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Erica Wiebe reacts beating Nigeria's Blessing Onyebuchi during the women's freestyle 76-kg gold medal match at the 2018 Gold Coast Commonwealth Games on April 12, 2018.YE AUNG THU/Getty Images

The International Olympic Committee’s loosening of iron-fisted rules around sponsorship gives Canada’s Olympians more commercial wiggle room in Tokyo this summer.

Under pressure from athletes, the IOC now allows for a more liberal interpretation of rules that govern the way athletes engage with their personal sponsors during an Olympic Games.

“We’re seeing a democratization of power,” Canadian Olympic wrestling champion Erica Wiebe said.

Rule 40 of the IOC’s Olympic charter ensures market exclusivity to companies who pony up hundreds of millions of dollars to have their brand in the Olympic Games.

Rule 40 previously stated “except as permitted by the IOC Executive Board, no competitor, coach, trainer or official who participates in the Olympic Games may allow his person, name, picture or sports performances to be used for advertising purposes during the Olympic Games.”

The Canadian Olympic Committee revealed its updated guidelines around Rule 40 for the 2020 Tokyo Games on Tuesday.

Wiebe, from Stittsville, Ont., will be able to interact with personal sponsors on social media more than she could when she won gold in 2016, and appear in advertisements under certain conditions.

“A female wrestler in Canada is a pretty niche market,” she told The Canadian Press. “We’re not Usain Bolt or even Andre de Grasse. We get two weeks every four years to have the spotlight shone on us.

“It would be amazing to thank the people that have supported me since Day 1, that have had my back.”

Jane Roos, the founder of Canadian Athletes Now, or Canfund, has raised over $40 million from the private sector for athletes since 2003.

But every Olympic Games, athletes were silent about Canfund’s contributions because acknowledging it ran afoul of Rule 40.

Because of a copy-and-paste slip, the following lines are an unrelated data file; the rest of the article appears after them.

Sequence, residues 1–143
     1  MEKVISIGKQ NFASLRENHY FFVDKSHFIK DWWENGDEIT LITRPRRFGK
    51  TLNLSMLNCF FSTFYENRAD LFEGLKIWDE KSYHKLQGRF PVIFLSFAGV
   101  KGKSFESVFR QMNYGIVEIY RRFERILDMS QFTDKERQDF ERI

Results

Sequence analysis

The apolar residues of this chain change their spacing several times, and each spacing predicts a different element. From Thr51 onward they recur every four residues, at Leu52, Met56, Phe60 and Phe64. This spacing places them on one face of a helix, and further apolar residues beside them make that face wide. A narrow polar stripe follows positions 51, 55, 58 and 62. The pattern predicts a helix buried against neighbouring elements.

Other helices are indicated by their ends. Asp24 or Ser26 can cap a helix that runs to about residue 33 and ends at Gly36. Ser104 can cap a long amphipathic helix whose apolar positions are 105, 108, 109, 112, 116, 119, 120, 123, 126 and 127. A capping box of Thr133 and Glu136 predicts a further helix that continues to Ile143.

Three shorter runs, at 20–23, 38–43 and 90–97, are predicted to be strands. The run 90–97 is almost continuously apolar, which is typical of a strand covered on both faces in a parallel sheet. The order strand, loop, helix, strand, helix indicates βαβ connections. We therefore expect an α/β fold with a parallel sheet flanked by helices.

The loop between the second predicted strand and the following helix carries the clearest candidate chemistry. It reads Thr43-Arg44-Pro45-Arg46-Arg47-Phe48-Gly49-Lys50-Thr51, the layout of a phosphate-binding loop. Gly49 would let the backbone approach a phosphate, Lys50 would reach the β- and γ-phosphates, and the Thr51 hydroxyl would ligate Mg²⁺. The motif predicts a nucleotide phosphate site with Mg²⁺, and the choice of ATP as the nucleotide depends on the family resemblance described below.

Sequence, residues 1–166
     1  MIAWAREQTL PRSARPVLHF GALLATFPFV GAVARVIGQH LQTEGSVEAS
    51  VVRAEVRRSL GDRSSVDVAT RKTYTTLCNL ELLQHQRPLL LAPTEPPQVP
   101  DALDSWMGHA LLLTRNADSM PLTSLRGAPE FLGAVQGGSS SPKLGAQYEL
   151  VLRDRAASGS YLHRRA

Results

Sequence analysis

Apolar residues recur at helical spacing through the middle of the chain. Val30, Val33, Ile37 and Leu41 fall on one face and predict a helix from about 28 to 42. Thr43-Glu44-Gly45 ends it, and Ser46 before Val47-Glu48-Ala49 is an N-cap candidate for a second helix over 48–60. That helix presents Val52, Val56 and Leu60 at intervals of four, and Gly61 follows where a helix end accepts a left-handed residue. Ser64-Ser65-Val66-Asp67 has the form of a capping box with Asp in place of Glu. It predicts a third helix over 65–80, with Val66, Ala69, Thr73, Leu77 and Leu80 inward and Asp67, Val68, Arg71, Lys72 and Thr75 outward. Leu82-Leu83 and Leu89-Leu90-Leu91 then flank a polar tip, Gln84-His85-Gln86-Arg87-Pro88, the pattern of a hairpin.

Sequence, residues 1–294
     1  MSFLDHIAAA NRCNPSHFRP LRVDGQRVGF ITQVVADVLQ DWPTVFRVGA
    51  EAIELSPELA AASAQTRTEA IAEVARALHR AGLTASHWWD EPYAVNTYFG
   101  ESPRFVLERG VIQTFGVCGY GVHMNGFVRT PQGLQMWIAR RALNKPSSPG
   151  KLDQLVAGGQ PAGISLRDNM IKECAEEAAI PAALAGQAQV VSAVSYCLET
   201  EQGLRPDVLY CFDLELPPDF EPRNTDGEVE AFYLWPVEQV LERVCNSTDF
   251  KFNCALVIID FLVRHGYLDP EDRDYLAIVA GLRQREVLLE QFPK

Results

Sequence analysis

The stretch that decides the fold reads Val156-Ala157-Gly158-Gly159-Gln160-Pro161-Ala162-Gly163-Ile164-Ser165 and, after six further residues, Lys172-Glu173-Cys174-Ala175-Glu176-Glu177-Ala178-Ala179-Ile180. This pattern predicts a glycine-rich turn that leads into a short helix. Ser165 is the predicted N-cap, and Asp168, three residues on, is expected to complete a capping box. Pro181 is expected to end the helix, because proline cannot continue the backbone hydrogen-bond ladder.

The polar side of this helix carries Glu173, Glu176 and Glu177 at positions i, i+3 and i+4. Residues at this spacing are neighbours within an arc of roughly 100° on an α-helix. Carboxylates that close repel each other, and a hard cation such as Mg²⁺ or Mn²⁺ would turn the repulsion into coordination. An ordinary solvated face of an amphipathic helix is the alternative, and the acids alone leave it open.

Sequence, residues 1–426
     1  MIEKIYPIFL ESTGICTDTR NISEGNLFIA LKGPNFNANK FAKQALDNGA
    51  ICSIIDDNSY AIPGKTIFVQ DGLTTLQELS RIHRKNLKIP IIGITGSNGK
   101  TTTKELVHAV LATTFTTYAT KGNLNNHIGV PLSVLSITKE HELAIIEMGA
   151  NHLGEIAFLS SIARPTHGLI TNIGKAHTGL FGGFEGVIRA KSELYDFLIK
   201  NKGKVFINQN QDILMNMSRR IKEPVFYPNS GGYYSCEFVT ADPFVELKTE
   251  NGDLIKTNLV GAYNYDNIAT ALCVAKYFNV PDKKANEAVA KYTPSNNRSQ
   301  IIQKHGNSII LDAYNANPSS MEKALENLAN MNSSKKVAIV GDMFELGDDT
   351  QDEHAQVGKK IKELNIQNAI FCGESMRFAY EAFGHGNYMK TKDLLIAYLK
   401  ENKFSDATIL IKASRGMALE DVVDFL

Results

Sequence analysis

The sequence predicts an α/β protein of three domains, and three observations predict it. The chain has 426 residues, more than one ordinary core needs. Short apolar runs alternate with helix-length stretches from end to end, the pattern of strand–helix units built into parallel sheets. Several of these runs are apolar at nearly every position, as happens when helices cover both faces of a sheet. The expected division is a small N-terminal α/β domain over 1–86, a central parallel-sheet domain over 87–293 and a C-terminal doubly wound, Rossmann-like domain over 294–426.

“When there’s crickets and no one is saying, ‘Thank you’ and our donors say, ‘Do they appreciate it?’ I say, ‘It’s a blackout period,“’ Roos said.

“To have athletes being able to say, ‘Thank you’, which I think they should be able to, would help us a lot.”

Rule 40’s wording is now “competitors, team officials and other team personnel who participate in the Olympic Games may allow their person, name, picture or sports performances to be used for advertising purposes during the Olympic Games in accordance with the principles determined by the IOC Executive Board.”

“What’s happened is Rule 40 has effectively not changed at all. It’s the same exact rule that was crafted by the IOC,” explained agent Russell Reimer, who represents several Canadian Olympians.

“What has changed is country to country, athletes have begun mobilizing to change the interpretation of Rule 40 and how it’s ultimately enforced.”

German athletes successfully lobbied their country’s anti-trust agency last year to have the IOC’s restrictions on Games-time marketing declared “abusive.”

“This was something we had to pay close attention to, not because of what was happening in Germany, but because of what was important to athletes and their partners and their ability to commercialize themselves during the most important period of their athletic careers,” Canadian Olympic Committee chief executive officer David Shoemaker said.

David Shoemaker, chief executive officer of the Canadian Olympic Committee, speaks during an event in Mississauga, Ont. on Oct. 7, 2019.Tijana Martin/The Canadian Press

The COC must still assure its own sponsors they’ll get bang for their marketing buck during the Tokyo Games that open July 24 and close Aug. 9.